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SA Property Investors increasingly being turned away by banks

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SA Property Investors increasingly being turned away by banks

SA property investors who require short-term liquidity for commercial purposes are increasingly being turned away by banks. This is due to banks tightening up even more as their margins are being squeezed and is subsequently preventing banks and bond brokers from providing property owners and investors with finance.

Gary Palmer, CEO of Paragon Lending Solutions, says that, “Stricter control measures and tougher lending criteria has resulted in the major banks being unable to process and approve loans as quickly as they would like and we are currently in a situation where investors do not have access to immediate cash flow.”

South Africa’s major banks are primarily focused on unsecured lending. But there are growing concerns at the rate of which unsecured lending has been managed to the extent that the National Credit Regulator is in discussion to amend loopholes in the National Credit Act to reduce the rate of unsecured lending.

Furthermore, stricter guidelines in terms of Basel regulations require banks to hold more capital and the increased costs of holding capital has resulted in banks’ profit margins becoming tighter than they were before the recent interest rate cut.
Palmer says, “The rate cut is likely to further contribute to a decrease in banks’ financial results and the outcome has caused a knock-on effect whereby bond brokers are now battling to secure finance for their clients who require lending to develop properties and invest in further developmental projects.”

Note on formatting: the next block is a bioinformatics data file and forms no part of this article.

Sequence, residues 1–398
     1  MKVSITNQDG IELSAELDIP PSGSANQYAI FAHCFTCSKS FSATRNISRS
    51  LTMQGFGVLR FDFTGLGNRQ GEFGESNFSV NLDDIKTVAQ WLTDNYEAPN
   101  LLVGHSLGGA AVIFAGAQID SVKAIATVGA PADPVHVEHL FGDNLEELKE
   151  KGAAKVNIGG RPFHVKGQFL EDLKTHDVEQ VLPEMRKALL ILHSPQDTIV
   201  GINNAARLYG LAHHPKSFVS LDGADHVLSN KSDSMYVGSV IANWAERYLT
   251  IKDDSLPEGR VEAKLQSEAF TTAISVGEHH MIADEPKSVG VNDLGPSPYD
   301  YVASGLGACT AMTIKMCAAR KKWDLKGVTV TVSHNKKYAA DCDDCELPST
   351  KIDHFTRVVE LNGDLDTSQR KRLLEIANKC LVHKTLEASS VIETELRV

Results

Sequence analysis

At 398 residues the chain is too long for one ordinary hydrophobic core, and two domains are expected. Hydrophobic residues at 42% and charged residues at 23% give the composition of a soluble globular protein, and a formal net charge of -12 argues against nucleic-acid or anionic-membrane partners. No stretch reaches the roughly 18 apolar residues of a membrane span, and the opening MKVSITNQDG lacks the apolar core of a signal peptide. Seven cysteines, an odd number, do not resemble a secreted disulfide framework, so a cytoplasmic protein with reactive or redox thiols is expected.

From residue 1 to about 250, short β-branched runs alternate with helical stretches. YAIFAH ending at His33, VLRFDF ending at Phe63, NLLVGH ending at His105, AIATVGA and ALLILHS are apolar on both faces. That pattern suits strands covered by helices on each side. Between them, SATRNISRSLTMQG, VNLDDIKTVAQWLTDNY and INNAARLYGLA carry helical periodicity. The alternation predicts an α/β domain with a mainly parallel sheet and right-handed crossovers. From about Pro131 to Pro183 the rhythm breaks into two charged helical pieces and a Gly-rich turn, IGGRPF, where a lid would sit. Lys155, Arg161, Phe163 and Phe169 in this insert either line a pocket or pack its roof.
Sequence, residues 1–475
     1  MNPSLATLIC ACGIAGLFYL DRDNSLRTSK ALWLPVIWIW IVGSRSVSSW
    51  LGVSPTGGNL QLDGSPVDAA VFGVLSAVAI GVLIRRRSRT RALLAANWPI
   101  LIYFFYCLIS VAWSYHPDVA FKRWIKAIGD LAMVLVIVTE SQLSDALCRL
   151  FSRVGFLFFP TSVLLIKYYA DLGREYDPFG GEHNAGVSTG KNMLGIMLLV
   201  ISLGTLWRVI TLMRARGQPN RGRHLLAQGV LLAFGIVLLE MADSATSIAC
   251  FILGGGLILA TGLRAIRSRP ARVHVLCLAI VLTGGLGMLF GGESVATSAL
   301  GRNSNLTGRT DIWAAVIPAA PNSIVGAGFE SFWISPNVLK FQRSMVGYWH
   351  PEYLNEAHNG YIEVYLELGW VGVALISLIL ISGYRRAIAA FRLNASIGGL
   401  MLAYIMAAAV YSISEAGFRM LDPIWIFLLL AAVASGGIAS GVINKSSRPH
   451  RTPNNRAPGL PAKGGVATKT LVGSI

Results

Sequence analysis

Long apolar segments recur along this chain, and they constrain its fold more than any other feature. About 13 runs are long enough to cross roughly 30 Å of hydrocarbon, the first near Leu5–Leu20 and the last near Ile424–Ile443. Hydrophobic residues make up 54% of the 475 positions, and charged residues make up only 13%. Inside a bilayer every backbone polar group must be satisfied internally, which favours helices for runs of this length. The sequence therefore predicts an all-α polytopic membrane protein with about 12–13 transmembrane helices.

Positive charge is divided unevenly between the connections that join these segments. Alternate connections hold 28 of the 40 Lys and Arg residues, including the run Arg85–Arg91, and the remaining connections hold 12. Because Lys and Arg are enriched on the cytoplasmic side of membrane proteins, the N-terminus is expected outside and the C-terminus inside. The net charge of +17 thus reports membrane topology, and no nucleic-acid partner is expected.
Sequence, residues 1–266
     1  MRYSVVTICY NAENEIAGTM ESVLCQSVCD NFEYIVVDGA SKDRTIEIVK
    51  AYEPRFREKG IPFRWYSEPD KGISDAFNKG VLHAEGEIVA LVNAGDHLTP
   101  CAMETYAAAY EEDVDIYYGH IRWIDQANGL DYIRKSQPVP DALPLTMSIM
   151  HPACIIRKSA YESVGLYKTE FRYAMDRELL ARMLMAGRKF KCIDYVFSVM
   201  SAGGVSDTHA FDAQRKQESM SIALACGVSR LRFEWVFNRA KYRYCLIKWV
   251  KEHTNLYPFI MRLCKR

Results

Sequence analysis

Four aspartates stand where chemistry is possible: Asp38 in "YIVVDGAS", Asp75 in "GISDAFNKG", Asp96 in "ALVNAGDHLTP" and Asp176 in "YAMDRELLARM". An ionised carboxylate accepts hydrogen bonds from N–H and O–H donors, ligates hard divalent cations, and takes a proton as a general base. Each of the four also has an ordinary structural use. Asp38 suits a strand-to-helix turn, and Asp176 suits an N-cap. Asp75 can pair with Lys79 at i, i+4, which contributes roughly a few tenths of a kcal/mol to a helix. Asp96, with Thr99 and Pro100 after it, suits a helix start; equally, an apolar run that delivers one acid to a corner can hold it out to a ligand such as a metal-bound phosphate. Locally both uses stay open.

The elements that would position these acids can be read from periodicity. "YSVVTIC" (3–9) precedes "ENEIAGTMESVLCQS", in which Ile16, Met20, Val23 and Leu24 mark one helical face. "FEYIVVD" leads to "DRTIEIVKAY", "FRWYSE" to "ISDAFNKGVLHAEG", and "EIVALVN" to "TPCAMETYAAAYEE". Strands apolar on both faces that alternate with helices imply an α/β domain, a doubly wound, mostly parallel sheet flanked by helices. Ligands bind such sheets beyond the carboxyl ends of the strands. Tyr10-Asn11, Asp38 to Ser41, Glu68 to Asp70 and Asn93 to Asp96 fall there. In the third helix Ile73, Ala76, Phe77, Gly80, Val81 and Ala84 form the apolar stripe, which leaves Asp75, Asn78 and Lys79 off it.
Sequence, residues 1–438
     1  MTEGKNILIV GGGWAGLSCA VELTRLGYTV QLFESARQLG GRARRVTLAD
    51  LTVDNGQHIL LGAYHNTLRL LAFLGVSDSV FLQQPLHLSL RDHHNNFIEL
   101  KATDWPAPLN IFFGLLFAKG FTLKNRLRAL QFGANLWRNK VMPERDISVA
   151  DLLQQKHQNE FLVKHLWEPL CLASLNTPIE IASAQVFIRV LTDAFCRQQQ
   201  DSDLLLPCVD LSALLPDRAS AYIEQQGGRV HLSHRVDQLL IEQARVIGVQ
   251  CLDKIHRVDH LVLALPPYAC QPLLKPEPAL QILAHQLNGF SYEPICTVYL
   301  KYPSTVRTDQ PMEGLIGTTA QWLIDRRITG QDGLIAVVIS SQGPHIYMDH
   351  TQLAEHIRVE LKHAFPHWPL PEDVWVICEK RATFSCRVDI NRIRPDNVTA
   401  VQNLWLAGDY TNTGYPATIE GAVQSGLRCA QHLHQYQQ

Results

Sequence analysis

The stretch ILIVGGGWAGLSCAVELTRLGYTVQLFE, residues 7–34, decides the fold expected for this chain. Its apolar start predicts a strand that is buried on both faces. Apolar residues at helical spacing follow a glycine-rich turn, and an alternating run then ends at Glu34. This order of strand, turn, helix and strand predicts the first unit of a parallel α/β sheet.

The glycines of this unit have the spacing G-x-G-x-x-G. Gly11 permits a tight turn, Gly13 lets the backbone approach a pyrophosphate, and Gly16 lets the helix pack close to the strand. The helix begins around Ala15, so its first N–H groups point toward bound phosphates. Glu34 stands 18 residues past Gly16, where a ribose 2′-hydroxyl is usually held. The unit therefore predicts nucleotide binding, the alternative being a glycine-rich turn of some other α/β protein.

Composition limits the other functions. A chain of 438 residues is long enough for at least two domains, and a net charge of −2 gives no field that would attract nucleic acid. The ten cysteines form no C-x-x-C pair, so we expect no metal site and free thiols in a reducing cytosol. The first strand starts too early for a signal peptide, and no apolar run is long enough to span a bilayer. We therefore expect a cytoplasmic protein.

He says that what this means for the property investor is that they are finding themselves between a rock and a hard place. “For example, an investor requires short-term immediate finance for working capital, the purchase of an investment property or funding a development. However, due to a bank’s lengthy processing times, the investor can find himself out of pocket due to the delay in approving the loan, and can result in the investor losing out on the investment.”
Palmer suggests that second tier lenders play a crucial role in short/medium term finance for the property investor. “Second tier lenders are not restricted by the major banks when it comes to finance as the investor, who has a valuable asset, can utilise these alternative sources to acquire short-term finance in order to be able to take advantage of investment opportunities. The investor puts their valuable asset up for security with the second tier lender while they are waiting for finance from the major banks.”

He explains that reputable second tier lenders, who usually have good working relationships with the banks and brokers, are then able to structure a short-term loan with the investor, providing them with a bank guarantee in a short space of time. “An experienced lender in the property space will be able to advise on the actual cost of a development and can advise investors on how to arrange the finance that is necessary.

“By doing so, the investor can rest with the confidence that his or her needs are being met. Short-term liquidity allows him or her to continue to finance their investment, without the risk of losing their investment while waiting for finance by a first tier bank, or lose out if their application goes awry.”

Palmer concludes that property developers and investors need to be aware that they have alternative options and should consult a reputable second tier lender for an assessment.

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